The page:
The faithful who turned out at Aldrich Field yesterday were rewarded with a sparkling 1:57 show in which the Saints supplied conclusive proof of their right to rule. The Saints had to overcome imposing odds in both the semis and finals.
They went one down to Westerly in the semis when blanked 1-0 on their home field by Dave Stenhouse but they shook off the shutout and beat the Bulldogs, 5-0, at Westerly.
Paul Fiore was the pitcher who blanked the Bulldogs and the same slender sophomore hurled another beauty as the Saints squeezed out the "rubber" game with Westerly, 2-1, in 12 innings.
One day after this tough semi-final series with the Bulldogs, the Saints had to begin the best-of three- finals with La Salle. which had earned a six-day rest by taking two-straight from Woonsocket.
But Bill Parenteau proved a rather surprising southpaw by zeroing the Maroons, 3-0, in the opener and that gave Fiore time to get ready for the clincher yesterday.
And Fiore was really ready as he fanned 13, walked two and was the Maroons' master except for the fifth when his shutout was spoiled by the single of Johnny Ferruolo, Nick Montecalvo's double and Bill Pearson's bunt.
Trailing 3-0, after the third, the Maroons tried a two-run squeeze but Montecalvo was rubbed out at the plate in trying to tally all the way from second.
Bill Kennedy, second baseman, playing with a doped up right arm to deaden a painful muscle injury, took Fiore's toss in covering first on Pearson's bunt. He threw to CHet Hanewich and the burly backstop rubbed out Montecalvo at the plate.
Hanewich delivered the hit responsible for all the Saints' runs. The subject of Hanewich's single points up the top twirling by McAleer, who, except for the third, was just as tough to touch as Fiore.
As the third opened, the Maroon moundsman gave Joe Dragon one of the two walks he allowed in the entire game. Fiore singled to center and George Agostini fanned. But Roy Guaino sliced a single behind first base for three on.
Bounces Off Glove
The husky Hanewich gave the SR rooters plenty to shout above by planking the second pitch to center for a single and when the ball rocketed off Tom Cahir's glove, Dragon, Fiore and Guarino all registered.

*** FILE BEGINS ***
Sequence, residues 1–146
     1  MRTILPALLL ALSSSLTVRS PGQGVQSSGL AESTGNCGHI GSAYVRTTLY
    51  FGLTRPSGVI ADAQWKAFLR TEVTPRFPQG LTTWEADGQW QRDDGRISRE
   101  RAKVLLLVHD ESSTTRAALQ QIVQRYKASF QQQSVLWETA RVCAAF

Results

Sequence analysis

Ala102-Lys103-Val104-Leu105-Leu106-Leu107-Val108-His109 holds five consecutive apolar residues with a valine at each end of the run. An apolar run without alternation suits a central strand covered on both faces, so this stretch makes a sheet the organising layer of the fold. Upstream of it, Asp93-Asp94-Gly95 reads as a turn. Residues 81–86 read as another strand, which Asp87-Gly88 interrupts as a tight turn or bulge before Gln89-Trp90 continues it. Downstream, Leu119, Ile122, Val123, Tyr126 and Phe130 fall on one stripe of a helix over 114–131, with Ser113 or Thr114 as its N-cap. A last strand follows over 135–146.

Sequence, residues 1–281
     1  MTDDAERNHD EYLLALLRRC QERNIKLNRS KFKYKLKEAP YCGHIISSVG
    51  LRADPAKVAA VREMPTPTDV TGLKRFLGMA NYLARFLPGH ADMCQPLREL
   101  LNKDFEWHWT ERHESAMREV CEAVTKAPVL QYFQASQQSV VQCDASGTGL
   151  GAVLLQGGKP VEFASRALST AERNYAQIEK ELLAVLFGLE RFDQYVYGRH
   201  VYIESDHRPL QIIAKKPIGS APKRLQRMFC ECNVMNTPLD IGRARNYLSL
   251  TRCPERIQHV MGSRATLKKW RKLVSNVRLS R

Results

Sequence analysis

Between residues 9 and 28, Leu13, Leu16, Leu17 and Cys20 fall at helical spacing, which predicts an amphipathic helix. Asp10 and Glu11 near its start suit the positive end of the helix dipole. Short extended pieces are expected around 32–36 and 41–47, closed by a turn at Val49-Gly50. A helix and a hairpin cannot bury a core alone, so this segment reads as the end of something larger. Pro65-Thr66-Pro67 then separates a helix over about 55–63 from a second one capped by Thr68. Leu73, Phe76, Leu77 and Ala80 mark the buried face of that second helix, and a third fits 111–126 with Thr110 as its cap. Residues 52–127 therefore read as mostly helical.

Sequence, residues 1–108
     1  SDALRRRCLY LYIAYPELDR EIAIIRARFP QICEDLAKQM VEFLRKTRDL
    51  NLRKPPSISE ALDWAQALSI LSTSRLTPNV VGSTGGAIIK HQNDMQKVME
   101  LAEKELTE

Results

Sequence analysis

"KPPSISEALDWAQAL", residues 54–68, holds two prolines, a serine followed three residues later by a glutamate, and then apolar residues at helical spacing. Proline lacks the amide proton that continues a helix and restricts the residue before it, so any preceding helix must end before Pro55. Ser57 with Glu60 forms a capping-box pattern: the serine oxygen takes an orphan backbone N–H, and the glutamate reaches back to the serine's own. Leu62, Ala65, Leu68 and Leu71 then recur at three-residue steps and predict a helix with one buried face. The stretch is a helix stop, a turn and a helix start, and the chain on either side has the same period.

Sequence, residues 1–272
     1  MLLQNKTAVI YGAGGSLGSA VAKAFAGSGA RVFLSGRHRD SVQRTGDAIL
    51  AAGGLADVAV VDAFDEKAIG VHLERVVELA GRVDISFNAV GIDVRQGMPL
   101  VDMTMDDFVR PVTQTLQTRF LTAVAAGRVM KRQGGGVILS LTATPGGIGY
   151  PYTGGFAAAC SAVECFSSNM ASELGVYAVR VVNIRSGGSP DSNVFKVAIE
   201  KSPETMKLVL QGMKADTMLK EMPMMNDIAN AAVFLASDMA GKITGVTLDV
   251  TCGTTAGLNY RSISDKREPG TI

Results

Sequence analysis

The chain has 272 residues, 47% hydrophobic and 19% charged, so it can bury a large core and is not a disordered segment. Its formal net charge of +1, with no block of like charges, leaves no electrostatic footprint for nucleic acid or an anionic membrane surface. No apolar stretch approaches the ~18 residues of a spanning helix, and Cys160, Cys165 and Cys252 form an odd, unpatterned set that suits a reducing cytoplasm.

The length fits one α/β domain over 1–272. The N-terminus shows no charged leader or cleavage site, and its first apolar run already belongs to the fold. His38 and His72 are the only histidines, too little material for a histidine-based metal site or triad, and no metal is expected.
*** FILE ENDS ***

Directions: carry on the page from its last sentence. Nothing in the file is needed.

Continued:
Fiore seemed headed for a stormy sixth when McAleer and Art Aloiso each parked first pitches in center for single after Pete De Masi had whiffed. But Ralph D'Ambra was stationed just right for Vin O'Rourke's deep drive and Aloiso was forced at second on Laverty's grounder.
. . .
Barney Garrity went for three bases in the second, when the ball was fouled off Jigger Higgins' bat handle. In insisting that the ball had hit Jigger's hand before his bat, Barney first presented his case to BOb Butler at the plate. Rejected, the Saints' strategist strode out to first base and appealed to Bill Halloran. Dejected, he took off for third, where Joe Lefebvre was equally unresponsive. But for his journey, Barney did draw a big hand from the stands.
The Saints' success gives Pawtucket its first state diamond title since 1934 and supplies SR with the first success over La Salle in a major sport since 1943 when the Saints defeated the Maroons in the basketnall state final.
Also giving Blackstone Valley a bog boost is Johnny Goryl, Cumberland's All-State third baseman, who has signed a Class B contract with the Braves. Until reporting to Bluefield, N.., next week, he'll be with the Hartford Chiefs.
St. Raphael Clinches State Crown By Shading La Salle, 3-1
Fiore Hurls 4-Hitter, fans 13; Hanewich's Hit Provides Margin
By TED MULCAHEY
St. Raphael Academy brought Pawtucket its first R. I. Interscholastic League baseball championship since 1934 by defeating La Salle Academy, 3-1, in the second and final game of the best-of-three series yesterday at Aldrich Field. St. Raphael won the series opener by a 3-0 score Tuesday.
Right-hander Paul Fiore, who has just completed his sophomore year, and Chet Hanewich, a member of this year's graduating class, were the heroes for this most important victory of the 1951 season.
Fiore, a relief hurler until the second half of the schedule, baffled the Maroon batters just as he did Westerly in the semi-final series. Fiore limited La Salle o four hits, struck out 13 and walked but two.
Hanewich snapped out of a batting slump to pace both teams at the plate with two hits, one of them a ringing single to centerfield with the bases loaded in the third which led to all the St. Raphael runs.